This report from the Australian Institute for Criminology examines the barriers that exist for trafficked persons involved with criminal justice proceedings.
Using the experiences of persons trafficked from Indonesia, this report from the Australian Institute of Criminology examines the barriers that exist for trafficked persons involved with criminal justice proceedings. The International Organization for Migration's (IOM's) Indonesia Counter Trafficking Module (CTM) Database provides information on the experiences of persons trafficked in Indonesia. Analysis of this data identified several factors that affect a trafficked person's willingness and ability to become involved with criminal justice proceedings. These factors are discussed in detail and include fear of authorities, identification, and reprisals; stigma and denial associated with being a trafficking victim; criminalization and re-victimization of trafficked persons who are prosecuted and detained; and lack of trust in criminal justice officials. In addition, the report identifies and discusses factors that can make the barriers to involvement worse. These factors include the legal framework that exists in the criminal justice system, inadequate support and treatment for persons who have been trafficked; lack of corroborative evidence to support trafficked persons' statements; and corruption by government workers. Recommendations for removing barriers to involvement for trafficked persons include improved training for frontline law officers and criminal justice practitioners; provision of information relating to criminal proceedings in the language of the trafficked person; and policies that would prevent victim-witnesses from having to see their trafficker in court while delivering evidence. Figure and references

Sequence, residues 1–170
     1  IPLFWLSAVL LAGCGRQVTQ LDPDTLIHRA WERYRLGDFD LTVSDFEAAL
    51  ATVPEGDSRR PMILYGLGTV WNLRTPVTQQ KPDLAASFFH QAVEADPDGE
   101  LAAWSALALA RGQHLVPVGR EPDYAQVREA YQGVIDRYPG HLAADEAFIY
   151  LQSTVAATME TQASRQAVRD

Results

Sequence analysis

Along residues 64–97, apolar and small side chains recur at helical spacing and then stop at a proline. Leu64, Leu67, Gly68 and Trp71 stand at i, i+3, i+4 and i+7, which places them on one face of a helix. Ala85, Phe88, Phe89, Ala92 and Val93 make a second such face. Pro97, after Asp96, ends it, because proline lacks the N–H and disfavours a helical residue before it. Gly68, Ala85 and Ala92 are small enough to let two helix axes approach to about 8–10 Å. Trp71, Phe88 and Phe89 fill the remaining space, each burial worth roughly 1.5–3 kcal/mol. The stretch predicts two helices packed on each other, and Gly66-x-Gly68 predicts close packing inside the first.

Australian Institute of Criminology
GPO Box 2944, Canberra ACT, 2601 Australia, Australia
Trends & Issues in Crime and Criminal Justice, No. 451, May 2013